• Out of its depth.

(Request an anime for review here.)

In his dying message, an old man tells his robot granddaughter, Key, that she can turn human if she makes 30,000 friends. She has until her battery runs out. Key becomes enamoured with pop idol Miho and desires to be a singer herself, believing she will gain the requisite friends through the big stage.

I can’t be the only one who thinks that 30,000 friends as the secret to becoming a ‘real girl’ is ridiculous. What an odd solution. I wonder if they considered that for Pinocchio in 1883. Believe it or not, Key the Metal Idol does find a way to justify the mass friend request gimmick, but that doesn’t make it any less illogical. If you can’t accept this goal, then stop the anime right there – the story doesn’t get better.

When all you need is 30,000 friends, I’d say going on TV as an automaton would do the trick. If people can create fan clubs from their favourite waifu, then a real android would have millions of adoring fans. She certainly doesn’t try to be discrete about her identity, so what the hell, go for it.

Before aiming at pop-stardom, Key finds herself roped into an adult video company. Hey, the producer wasn’t lying – she would receive many “friends” in a short time. Just sayin’. Thankfully, her friend Sakura rescues her from the casting couch. The adult video producer pursues her since. Key later becomes the faith healer of a cult, which is admittedly quite humorous (and the cult leader looks like the drunk boxing coach from Tomorrow’s Joe). Once another friend rescues her, the cult is now in pursuit as well.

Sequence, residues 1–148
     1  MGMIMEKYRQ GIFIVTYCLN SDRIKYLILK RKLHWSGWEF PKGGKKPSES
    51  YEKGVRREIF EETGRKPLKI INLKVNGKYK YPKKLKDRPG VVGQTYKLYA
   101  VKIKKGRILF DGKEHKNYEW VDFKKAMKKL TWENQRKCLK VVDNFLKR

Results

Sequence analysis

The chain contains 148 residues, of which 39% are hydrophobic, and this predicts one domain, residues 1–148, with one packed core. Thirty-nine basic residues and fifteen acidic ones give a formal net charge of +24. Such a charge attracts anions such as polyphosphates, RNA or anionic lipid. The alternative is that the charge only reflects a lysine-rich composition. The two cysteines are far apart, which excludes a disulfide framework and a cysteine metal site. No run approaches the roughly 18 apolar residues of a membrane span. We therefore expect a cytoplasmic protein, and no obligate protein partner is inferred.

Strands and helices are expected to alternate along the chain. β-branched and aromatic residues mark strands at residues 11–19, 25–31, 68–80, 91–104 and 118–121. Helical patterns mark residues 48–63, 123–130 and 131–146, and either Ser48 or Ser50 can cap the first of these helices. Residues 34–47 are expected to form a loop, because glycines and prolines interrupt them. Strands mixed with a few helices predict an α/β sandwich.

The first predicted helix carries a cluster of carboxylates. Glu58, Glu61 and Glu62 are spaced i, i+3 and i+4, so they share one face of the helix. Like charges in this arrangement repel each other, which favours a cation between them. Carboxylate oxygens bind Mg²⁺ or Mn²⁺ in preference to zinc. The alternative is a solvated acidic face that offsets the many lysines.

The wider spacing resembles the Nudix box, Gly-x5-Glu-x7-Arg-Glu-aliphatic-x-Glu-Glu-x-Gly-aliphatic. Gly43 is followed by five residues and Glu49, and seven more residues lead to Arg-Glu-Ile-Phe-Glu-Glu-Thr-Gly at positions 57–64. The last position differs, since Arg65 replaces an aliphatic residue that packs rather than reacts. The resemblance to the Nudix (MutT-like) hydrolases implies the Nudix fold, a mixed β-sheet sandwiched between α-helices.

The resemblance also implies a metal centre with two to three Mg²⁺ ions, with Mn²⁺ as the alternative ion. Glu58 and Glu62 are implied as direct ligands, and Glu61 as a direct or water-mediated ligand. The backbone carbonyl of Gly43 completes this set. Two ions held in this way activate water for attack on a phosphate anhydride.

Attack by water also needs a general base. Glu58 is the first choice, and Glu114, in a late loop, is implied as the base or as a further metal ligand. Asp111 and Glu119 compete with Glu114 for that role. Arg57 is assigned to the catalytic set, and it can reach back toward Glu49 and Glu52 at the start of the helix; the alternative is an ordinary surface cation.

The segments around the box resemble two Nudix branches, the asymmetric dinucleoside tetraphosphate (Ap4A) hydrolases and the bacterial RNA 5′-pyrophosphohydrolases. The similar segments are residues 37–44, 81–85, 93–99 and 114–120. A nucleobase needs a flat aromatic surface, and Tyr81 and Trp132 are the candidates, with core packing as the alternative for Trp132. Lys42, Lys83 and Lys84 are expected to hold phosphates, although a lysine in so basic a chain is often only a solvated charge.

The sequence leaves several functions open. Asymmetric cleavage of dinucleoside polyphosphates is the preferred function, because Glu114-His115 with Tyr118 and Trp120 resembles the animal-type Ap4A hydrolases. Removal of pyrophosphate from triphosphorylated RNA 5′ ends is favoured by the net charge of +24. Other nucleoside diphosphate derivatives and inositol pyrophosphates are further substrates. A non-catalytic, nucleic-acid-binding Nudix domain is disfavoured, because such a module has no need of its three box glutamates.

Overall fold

Key the Metal Idol takes a while to reach its main plot of her trying to become a pop star (I thought this was a subplot for act one). The narrative is often distracted by subplots tangentially related to Key. She feels like a supporting character in her own series until the finale.

Once the main plot does begin, the conflicts stem from the choreographer obsessed with her, and from the evil robot scientists that wants the secret behind her autonomy beyond any other android. She is said to contain an immense amount ‘Gel’ (android power source). The main villain seems…special. Let me see if I understand you rightly, Mr Villain. You have created robots that pass for human and have complete remote control features, and your grand plan is to make a pop music group? Are you sure your PhD is real?

From the adult video producer to the scientist, all the villains are corny one-note characters, stereotypes. “I am evil!” yelled the mad scientist. “I am abusive!” yelled the abusive artist.

Key the Metal Idol’s best quality, if I had to give you one, is its eerie feel. From Key’s wide, unblinking eyes to the muted, unwavering music contrasted by the pop songs, the atmosphere does convey the feel of a child in a dangerous adult world. A better protagonist could have taken this atmosphere and chilled you to the bone.